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Four Things a Geriatric Care Manager Is

It has been over a year since my first posting when I started this blog by talking about why a person should call a Geriatric Care Manager (GCM).  Since I have answered this question with almost everyone of the calls I get from people looking for our help, it seemed like a good idea to revisit our “job description.”  GCMs are:

  1. Local professionals who know what resources are appropriate for your older loved one and which are most appropriate.  What I often tell people is that we are “option-makers” for the decision-maker.” 

  2. Eyes and ears that can help long distance caregivers be aware of any changes that may affect an older parent’s independence or well-being.  The long distance family caregiver may have bought mom the walker, but the local GCM can be there to see whether mom is using it.

  3. Bridges to help an older family member make life transitions from fully independent living through home assistance and ultimately to assisted living at the appropriate times.  Earlier involvement with a geriatric care manager also can help your elder family member develop a rapport with a professional who can facilitate the bigger changes later because they have been there earlier for the smaller changes.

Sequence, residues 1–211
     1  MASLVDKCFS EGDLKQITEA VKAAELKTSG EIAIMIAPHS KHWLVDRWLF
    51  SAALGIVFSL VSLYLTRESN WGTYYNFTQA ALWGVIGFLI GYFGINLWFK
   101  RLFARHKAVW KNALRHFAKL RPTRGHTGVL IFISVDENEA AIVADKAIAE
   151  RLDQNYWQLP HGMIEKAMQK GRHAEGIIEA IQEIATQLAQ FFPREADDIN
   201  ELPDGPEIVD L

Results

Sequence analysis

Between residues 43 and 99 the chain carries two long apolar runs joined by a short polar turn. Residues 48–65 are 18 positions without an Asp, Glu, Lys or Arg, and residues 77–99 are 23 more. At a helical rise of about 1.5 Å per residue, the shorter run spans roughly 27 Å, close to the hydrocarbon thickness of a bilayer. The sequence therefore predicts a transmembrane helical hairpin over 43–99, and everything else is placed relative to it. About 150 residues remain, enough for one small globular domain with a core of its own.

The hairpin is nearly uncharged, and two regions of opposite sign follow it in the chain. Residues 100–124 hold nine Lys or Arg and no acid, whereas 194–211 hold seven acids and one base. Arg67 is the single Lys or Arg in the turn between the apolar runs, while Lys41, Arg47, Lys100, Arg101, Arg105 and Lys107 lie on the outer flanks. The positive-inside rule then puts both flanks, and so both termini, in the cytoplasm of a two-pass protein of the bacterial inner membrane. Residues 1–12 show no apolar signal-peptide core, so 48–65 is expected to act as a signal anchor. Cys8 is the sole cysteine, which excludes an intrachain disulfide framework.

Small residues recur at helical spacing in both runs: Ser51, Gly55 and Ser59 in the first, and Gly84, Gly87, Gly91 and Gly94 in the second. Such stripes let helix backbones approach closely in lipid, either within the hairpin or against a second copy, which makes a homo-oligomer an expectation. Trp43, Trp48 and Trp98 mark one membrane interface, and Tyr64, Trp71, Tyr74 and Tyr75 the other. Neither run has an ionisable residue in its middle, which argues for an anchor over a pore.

4. Peace of mind by being the professional buffer to a long distance caregiver for some of the minor or major crises that may otherwise be very stressful for the entire family.

Finding a GCM is easy.  The national association that certifies GCMs, the NAPGCM, has a comprehensive, searchable list of all the professionals in good standing.  You can search geographically by simply entering a zip code or you can search by name.  The search tool also asks you to check what kind of GCM you are seeking; check the “Certified GCM” box to see a complete list of professionals in good standing.  Here is a link to another site that offers a range of resources, including care managers, Aging Care.  Finally, offers a listing of GCMs specifically in the state of Illinois.

As you make contact with a potential GCM for your elder, I encourage you to look for a good communicator, because this professional is going to be your loved one’s advocate.  You also want to ask about their experience, and check professional references who can speak on their behalf.  Finally, it is important to ask about fees since insurance does not cover a GCM.  A recent article in Reuters suggested that fees nationally range from $60 to $300 an hour.

Charlotte Bishop is a Geriatric Care Manager and founder of Creative Case Management, certified professionals who are geriatric advocates, resources, counselors and friends to older adults and their families throughout metropolitan Chicago.  Please email your questions to Charlotte Bishop.


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